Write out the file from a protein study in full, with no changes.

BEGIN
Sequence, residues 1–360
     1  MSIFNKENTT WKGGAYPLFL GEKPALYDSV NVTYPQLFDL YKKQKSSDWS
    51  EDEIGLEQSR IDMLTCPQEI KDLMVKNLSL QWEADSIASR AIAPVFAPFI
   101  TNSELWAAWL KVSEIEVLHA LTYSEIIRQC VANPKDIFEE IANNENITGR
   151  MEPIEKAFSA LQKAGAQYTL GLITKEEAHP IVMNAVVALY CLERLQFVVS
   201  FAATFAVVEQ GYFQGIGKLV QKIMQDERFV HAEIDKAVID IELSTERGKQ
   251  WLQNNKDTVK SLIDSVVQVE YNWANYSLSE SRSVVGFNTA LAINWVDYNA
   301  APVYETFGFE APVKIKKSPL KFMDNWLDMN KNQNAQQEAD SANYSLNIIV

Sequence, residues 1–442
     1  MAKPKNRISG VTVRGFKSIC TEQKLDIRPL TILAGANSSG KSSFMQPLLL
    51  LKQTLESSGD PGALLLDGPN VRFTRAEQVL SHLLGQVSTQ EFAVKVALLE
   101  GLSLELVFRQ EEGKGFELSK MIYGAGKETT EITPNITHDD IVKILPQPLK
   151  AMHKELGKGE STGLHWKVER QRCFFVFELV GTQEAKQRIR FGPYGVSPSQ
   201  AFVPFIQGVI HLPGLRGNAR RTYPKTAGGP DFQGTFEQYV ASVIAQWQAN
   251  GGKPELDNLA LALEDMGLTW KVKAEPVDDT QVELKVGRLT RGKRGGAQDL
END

Sequence, residues 1–360
     1  MSIFNKENTT WKGGAYPLFL GEKPALYDSV NVTYPQLFDL YKKQKSSDWS
    51  EDEIGLEQSR IDMLTCPQEI KDLMVKNLSL QWEADSIASR AIAPVFAPFI
   101  TNSELWAAWL KVSEIEVLHA LTYSEIIRQC VANPKDIFEE IANNENITGR
   151  MEPIEKAFSA LQKAGAQYTL GLITKEEAHP IVMNAVVALY CLERLQFVVS
   201  FAATFAVVEQ GYFQGIGKLV QKIMQDERFV HAEIDKAVID IELSTERGKQ
   251  WLQNNKDTVK SLIDSVVQVE YNWANYSLSE SRSVVGFNTA LAINWVDYNA
   301  APVYETFGFE APVKIKKSPL KFMDNWLDMN KNQNAQQEAD SANYSLNIIV

Sequence, residues 1–442
     1  MAKPKNRISG VTVRGFKSIC TEQKLDIRPL TILAGANSSG KSSFMQPLLL
    51  LKQTLESSGD PGALLLDGPN VRFTRAEQVL SHLLGQVSTQ EFAVKVALLE
   101  GLSLELVFRQ EEGKGFELSK MIYGAGKETT EITPNITHDD IVKILPQPLK
   151  AMHKELGKGE STGLHWKVER QRCFFVFELV GTQEAKQRIR FGPYGVSPSQ
   201  AFVPFIQGVI HLPGLRGNAR RTYPKTAGGP DFQGTFEQYV ASVIAQWQAN
   251  GGKPELDNLA LALEDMGLTW KVKAEPVDDT QVELKVGRLT RGKRGGAQDL